Lesa said...

Glen, I read a sleazy one recently that takes place in 1921 in Paris. I don't have a problem with characters sleeping with others, but EVERYONE? Oh, come on. Gets a little tiring. I actually used the word tedious.

Gram said...

I;m enjoying The War Bride's Scrapbook...Thanks for the recommendation. Slowly reading Guilty thing : a life of Thomas De Quincey by Frances Wilson and the latest Flavia de Luce.

Lesa said...

You're welcome, Gram. Quite a contrast in your reading material this week.

Carol N Wong said...

Lesa, I raad The Scrapbook of Frankie Pratt back in 2012 and loved it!

This week, I am finishing The Celebration by Wanda Brundstetter. It has too many characters but is a page turner and enjoyable. Also, I have started Don't you ever by Mary Carter Bishop. The subtitle tells the story, My Mother and Her Secret Son. It is a memoir but it concentrates more on the author's mother. The author felt loved by her mother and father but her half brother had a very different life and her mother felt so guilty about when she was living. The author uncovers what happened to her half brother through interviews,documents and picture. It is a fascinating book, and tells more history of the area of the unique place that they lived.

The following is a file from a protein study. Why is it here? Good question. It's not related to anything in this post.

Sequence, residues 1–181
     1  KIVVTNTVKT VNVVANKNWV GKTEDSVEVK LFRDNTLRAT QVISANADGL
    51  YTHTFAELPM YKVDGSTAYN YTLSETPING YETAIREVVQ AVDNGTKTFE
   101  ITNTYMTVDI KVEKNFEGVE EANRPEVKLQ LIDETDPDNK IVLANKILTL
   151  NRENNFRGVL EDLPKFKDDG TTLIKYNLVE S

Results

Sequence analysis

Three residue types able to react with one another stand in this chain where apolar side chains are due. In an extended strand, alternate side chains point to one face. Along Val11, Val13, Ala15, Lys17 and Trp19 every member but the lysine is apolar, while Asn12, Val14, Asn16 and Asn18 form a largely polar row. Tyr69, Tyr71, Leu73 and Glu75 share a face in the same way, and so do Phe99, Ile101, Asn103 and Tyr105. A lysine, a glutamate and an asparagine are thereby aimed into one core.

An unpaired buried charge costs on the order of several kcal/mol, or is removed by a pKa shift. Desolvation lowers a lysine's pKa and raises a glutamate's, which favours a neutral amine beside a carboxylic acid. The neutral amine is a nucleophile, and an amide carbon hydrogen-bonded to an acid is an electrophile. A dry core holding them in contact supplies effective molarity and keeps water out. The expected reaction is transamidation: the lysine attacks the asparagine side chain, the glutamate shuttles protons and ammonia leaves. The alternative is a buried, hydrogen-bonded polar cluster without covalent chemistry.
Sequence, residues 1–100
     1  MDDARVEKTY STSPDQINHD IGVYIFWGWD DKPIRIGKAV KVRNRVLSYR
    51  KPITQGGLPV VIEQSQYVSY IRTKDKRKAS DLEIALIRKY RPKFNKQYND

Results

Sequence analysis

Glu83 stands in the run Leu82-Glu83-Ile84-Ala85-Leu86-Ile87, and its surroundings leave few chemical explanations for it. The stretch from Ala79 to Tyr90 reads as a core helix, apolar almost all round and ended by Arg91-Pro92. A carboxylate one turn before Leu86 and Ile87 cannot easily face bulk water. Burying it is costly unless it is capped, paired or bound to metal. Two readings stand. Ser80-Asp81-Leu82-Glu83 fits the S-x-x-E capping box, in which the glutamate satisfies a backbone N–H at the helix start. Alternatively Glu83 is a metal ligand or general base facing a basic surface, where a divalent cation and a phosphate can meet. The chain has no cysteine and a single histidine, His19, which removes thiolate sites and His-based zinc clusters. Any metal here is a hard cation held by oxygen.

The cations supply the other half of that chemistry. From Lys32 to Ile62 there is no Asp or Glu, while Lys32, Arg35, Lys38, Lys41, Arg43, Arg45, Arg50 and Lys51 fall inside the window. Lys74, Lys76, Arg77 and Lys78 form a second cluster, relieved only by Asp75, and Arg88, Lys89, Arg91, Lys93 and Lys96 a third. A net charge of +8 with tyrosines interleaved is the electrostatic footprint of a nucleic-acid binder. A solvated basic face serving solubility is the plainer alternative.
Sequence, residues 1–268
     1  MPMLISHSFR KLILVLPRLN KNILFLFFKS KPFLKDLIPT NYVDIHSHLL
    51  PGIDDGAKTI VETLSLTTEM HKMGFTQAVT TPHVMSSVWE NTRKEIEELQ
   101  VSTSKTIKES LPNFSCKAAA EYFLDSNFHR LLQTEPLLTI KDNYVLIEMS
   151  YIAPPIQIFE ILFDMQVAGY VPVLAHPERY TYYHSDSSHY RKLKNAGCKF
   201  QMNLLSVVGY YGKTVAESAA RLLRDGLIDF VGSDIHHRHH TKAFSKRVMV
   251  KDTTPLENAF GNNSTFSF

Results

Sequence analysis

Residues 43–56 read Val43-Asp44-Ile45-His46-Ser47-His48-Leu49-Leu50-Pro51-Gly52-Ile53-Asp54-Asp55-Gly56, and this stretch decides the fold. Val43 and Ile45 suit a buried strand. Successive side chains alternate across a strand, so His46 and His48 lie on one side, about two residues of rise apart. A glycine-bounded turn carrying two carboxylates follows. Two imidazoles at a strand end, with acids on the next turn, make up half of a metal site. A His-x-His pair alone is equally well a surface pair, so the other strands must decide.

Margie Bunting said...

Lesa, I did read the other two in Viola Shipman's series (The Charm Bracelet and The Hope Chest), and I thoroughly enjoyed both of them.

Grandma Cootie said...

I'm reading a couple of things. One of them is How to Walk Away. I am really enjoying it but can't describe how it makes me feel. Just very, very compelling. I just picked up The War Bride's Scrapbook from the library so think I will be dipping into that between other things over the weekend.

Kaye Barley said...

I just received this book thanks to your recommendation, and I am totally smitten! Love it!